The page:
Friday, February 06, 2015

A simple phenomenology on quasiparticles

Photo: 128 qubit Rainier chip from here
A simple and phenomenological insight about how to calculate the rate of tunneling nonequilibrium quasiparticles in superconducting small islands.

M. H. Ansari, Supercond. Sci. Technol. 28, 045005 (2015).

One always blame quasiparticles for all kinds of experimental noise and poor sample properties, but there is not yet a common understanding how exactly nonequilibrium quasiparticles affect a qubit. This is partly due to lack of experimental resolution, and partly due to lack of theoretical model.

This paper addresses relevant questions for many of the on-going experiments with superconducting qubits.

The main result of this work is summarized in Fig.1c, where a "non-monotonic" behavior of the relaxation rate as function of temperature is presented. This is a consequence of the assumed phenomenological model for non-equilibrium, where a fixed non-equilibrium quasiparticle density leads to a temperature-dependent chemical potential shift, see Eq.(1). The simplicity of the model point to the possible generality of the predicted non-monotonicity.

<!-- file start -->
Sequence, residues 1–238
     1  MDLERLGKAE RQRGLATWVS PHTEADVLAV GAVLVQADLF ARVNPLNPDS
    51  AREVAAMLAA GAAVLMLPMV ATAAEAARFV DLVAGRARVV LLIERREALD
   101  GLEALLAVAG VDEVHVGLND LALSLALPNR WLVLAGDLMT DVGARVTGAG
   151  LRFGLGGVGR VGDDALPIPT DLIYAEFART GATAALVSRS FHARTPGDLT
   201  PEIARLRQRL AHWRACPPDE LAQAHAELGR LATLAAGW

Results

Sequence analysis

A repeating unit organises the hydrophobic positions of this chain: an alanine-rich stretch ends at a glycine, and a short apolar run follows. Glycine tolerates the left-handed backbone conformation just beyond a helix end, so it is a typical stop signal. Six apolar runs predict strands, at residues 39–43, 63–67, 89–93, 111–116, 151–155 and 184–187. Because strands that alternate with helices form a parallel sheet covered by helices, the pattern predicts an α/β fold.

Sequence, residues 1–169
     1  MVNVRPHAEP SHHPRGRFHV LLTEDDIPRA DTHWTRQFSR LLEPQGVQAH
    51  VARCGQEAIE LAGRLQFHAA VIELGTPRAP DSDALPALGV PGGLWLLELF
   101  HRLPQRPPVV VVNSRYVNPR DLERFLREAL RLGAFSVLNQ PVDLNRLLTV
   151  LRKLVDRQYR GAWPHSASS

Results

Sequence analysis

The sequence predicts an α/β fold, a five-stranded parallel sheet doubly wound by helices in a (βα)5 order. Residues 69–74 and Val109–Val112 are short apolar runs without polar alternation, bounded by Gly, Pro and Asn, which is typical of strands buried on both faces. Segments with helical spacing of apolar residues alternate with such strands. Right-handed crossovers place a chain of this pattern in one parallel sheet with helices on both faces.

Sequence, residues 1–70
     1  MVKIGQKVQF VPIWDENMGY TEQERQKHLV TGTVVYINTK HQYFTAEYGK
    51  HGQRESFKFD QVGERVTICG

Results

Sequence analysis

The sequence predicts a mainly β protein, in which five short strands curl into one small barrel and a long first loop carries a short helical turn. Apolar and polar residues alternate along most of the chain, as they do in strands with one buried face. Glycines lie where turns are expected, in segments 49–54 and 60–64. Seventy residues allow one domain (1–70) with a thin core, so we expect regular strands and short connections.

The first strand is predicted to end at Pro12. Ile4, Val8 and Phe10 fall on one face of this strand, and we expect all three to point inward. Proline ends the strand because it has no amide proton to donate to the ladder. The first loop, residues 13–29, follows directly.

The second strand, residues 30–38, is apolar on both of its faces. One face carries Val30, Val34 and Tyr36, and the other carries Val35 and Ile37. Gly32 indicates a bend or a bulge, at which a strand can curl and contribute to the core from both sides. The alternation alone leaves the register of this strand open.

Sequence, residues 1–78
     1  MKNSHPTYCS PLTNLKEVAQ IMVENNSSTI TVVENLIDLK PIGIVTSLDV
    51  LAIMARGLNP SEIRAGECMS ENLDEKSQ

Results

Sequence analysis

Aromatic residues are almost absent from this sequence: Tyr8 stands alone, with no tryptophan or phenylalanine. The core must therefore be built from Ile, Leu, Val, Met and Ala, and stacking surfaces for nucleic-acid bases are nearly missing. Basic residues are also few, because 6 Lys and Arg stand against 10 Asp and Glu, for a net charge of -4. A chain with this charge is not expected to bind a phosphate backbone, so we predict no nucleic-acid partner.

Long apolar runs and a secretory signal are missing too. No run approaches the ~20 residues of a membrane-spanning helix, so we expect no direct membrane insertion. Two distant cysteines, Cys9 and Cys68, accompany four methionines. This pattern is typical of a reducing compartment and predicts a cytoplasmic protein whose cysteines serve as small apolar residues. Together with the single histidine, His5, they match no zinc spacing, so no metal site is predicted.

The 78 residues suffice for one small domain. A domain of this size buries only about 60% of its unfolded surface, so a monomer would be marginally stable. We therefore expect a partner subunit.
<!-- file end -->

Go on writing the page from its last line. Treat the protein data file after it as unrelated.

Want to know a bit more?! Read the abstract here.
An arxiv version in here: arXiv:1303.1453

* A bit of side story:

I remember that the core idea of this work came to me when I was sitting in a ViaRail train in a cold typical Canadian Friday evening of 2013. Inside the train I did simple calculations and surprisingly saw that experimental expectations can be satisfied from simple ideas. A few weeks later the model has become ready. There was, however, a rather long delay in publishing it, which partly comes from strange situations in life. Finally I could manage an update and sent the paper to a professional journal about superconductivity on Sept 2014.

In response I received three reviews that not only helped to improve the text, but also helped to get confidence on my shaking knees when I stand up alone. Thanks Canada!

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